News Election 2016 Labor won’t rule out super slug on widows, orphans

Labor won’t rule out super slug on widows, orphans

Labor included the Coalition super savings in its final costings,
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The Labor party has come under attack from some of the country’s biggest industry super funds for refusing to rule out a controversial tax measure announced by the Turnbull government in this year’s budget.

Since 1998, dependents of workers who die before they turn 65 have received what is known as an “anti-detriment payment” from superannuation funds when death benefits are paid out.

The special payment effectively reimburses beneficiaries for the taxes already paid by the deceased worker on contributions they made into their super fund account.

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Super funds that distribute anti-detriment payments are later reimbursed by the Australian Tax Office under the existing rules.

Those arrangements will cease from July 1 next year, delivering savings to the government of more than $300 million over the next four years.

After releasing Labor’s budget costings on Saturday, Shadow Treasurer Chris Bowen did not rule out Labor implementing the coalition’s reform.

However, Labor has factored in $5 billion of tax savings flowing from the Turnbull government’s super reforms, a strong indication that it will also ditch the anti-detriment payments.

Widows, orphans hardest hit

Widows will be among the hardest hit by the loss of the anti-detriment payment. Photo: Getty

First Super chief executive Bill Watson panned the major parties for withdrawing the measure, describing it as an unjust move against the dependents of super members who die before retirement age.

Mr Watson is particularly concerned that the dependents of super members with low balances will be materially affected by the change.

“This is a slug on widows and orphans,” he said.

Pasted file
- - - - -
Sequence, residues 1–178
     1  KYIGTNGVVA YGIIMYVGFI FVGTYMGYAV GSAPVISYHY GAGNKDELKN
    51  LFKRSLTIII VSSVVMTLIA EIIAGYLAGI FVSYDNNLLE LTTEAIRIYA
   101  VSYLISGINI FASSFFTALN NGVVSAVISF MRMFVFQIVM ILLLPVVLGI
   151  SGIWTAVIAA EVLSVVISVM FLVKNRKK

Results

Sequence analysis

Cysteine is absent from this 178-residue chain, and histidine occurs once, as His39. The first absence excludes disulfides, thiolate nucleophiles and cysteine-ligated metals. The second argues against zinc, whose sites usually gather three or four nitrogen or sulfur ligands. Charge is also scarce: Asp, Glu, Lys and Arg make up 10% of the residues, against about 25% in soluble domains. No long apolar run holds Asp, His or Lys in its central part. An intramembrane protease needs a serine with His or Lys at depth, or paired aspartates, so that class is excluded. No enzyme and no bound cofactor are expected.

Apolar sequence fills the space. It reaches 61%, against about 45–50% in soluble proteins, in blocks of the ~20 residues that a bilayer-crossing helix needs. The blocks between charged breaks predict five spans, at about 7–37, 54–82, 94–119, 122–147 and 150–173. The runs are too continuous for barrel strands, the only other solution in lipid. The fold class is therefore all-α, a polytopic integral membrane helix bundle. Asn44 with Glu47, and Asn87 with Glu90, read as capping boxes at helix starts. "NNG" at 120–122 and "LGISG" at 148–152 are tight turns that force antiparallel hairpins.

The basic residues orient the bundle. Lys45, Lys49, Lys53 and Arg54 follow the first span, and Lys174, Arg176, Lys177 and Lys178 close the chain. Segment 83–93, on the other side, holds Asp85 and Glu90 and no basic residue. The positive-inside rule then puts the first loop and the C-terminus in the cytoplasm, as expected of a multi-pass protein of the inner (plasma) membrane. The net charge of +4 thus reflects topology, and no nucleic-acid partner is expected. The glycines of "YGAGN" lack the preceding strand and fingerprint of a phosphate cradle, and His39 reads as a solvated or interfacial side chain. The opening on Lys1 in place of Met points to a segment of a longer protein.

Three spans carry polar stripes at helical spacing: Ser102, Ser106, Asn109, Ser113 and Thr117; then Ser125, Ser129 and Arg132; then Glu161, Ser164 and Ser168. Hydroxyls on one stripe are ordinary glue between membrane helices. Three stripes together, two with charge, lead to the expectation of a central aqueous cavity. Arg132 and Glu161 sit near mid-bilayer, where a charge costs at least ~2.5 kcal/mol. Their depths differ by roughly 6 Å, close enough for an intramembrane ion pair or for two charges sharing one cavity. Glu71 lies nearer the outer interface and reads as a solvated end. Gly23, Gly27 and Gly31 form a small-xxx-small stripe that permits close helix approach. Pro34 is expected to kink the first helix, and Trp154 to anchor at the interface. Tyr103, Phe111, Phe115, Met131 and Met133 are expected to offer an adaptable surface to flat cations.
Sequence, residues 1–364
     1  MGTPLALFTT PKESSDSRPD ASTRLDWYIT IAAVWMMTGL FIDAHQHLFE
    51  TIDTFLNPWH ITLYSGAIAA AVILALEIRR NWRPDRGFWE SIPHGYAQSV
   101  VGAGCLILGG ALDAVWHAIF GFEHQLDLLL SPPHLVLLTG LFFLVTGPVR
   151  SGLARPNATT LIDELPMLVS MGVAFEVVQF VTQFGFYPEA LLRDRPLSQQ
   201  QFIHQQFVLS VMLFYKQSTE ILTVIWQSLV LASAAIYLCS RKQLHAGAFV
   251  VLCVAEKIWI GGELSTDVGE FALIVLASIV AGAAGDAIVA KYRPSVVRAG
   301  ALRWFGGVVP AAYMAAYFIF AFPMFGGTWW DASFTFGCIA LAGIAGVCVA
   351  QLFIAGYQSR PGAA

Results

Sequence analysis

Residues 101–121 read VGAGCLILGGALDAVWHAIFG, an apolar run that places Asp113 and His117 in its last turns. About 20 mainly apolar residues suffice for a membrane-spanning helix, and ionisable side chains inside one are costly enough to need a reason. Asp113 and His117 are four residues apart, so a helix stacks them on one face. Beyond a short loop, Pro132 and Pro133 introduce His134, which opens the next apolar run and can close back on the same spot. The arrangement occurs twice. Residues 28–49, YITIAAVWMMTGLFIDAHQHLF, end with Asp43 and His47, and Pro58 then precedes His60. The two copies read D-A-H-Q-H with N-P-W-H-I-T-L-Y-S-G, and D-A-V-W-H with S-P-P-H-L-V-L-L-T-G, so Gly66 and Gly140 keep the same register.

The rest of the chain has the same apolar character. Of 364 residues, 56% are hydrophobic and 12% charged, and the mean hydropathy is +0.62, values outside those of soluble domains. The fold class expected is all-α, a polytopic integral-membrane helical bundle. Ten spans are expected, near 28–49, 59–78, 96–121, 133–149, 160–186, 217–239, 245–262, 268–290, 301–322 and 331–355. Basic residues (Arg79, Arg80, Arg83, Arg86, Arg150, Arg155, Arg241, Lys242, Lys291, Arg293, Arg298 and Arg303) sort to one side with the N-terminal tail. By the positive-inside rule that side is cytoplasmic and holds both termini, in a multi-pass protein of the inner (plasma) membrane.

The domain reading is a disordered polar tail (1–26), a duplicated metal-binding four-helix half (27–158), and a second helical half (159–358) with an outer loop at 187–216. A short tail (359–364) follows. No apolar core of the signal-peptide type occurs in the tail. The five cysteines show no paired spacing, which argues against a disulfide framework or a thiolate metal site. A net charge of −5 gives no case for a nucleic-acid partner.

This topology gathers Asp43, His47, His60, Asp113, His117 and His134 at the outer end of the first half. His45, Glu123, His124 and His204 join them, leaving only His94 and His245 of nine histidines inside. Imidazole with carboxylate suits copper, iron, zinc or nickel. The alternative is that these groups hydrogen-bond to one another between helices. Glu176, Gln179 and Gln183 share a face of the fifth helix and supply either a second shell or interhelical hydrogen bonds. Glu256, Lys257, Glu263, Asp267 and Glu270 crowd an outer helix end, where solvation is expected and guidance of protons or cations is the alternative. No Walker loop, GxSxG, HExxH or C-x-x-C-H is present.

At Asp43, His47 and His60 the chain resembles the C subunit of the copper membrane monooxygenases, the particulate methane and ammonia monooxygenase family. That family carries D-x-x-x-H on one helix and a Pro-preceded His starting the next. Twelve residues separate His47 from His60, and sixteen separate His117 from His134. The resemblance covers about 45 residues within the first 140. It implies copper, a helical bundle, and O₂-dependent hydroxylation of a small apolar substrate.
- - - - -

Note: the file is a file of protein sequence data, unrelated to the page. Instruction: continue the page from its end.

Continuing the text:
“Labor wants to reap the savings from the coalition’s superannuation measures, which means they want to deprive widows and orphans in the same way the coalition does.”

Mr Watson said that anti-detriment payments boosted the average value of death benefits paid to beneficiaries by 12 per cent last year.

“On a super balance of $200,000, it is the equivalent of one year’s after tax wages for our average member.”

HESTA chief executive Debby Blakey said the change would disproportionately hurt women.

“Scrapping these payments, which are effectively a refund of contributions tax, will result in a member’s beneficiaries — often their partner and children — receiving a lower death benefit,” Ms Blakey said.

“While we generally support simplifying super, it shouldn’t come at the cost of fairness.

“This measure will disproportionately impact women, who typically outlive their male partners, and will be particularly detrimental as women already experience a higher vulnerability to poverty later in life.”

Building workers short-changed

Workers in risky jobs like construction are at risk from the super move. Photo: AAP

Blue collar workers employed in risky jobs in the construction and transport industries will also be among the most affected by the reform.

The building industry super fund, Cbus, is agitating for the retention of anti-detriment payments.

Cbus chief executive David Atkin said his fund paid death benefits to 1,594 dependents of members in 2015.

“Anti-detriment payments were paid on some forty per cent of those payments ensuring that surviving dependents received the maximum finances available to them,” he said.

“For Cbus members and their families this payment is both meaningful and material, given modest average balances, and we think the provision of the anti-detriment concession should be maintained by government.”

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